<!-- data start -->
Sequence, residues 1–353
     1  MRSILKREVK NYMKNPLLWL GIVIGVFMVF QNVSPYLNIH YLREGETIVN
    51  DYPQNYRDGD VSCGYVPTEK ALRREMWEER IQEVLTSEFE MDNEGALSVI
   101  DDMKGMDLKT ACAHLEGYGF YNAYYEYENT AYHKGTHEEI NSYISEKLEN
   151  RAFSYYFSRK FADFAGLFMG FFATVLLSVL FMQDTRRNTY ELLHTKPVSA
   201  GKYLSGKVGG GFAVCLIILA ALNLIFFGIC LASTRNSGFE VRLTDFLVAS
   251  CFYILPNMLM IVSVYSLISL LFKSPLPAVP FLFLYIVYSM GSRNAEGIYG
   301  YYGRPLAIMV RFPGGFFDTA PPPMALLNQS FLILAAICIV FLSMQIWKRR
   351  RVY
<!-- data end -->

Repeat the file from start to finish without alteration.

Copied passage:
Sequence, residues 1–353
     1  MRSILKREVK NYMKNPLLWL GIVIGVFMVF QNVSPYLNIH YLREGETIVN
    51  DYPQNYRDGD VSCGYVPTEK ALRREMWEER IQEVLTSEFE MDNEGALSVI
   101  DDMKGMDLKT ACAHLEGYGF YNAYYEYENT AYHKGTHEEI NSYISEKLEN
   151  RAFSYYFSRK FADFAGLFMG FFATVLLSVL FMQDTRRNTY ELLHTKPVSA
   201  GKYLSGKVGG GFAVCLIILA ALNLIFFGIC LASTRNSGFE VRLTDFLVAS
   251  CFYILPNMLM IVSVYSLISL LFKSPLPAVP FLFLYIVYSM GSRNAEGIYG
   301  YYGRPLAIMV RFPGGFFDTA PPPMALLNQS FLILAAICIV FLSMQIWKRR
   351  RVY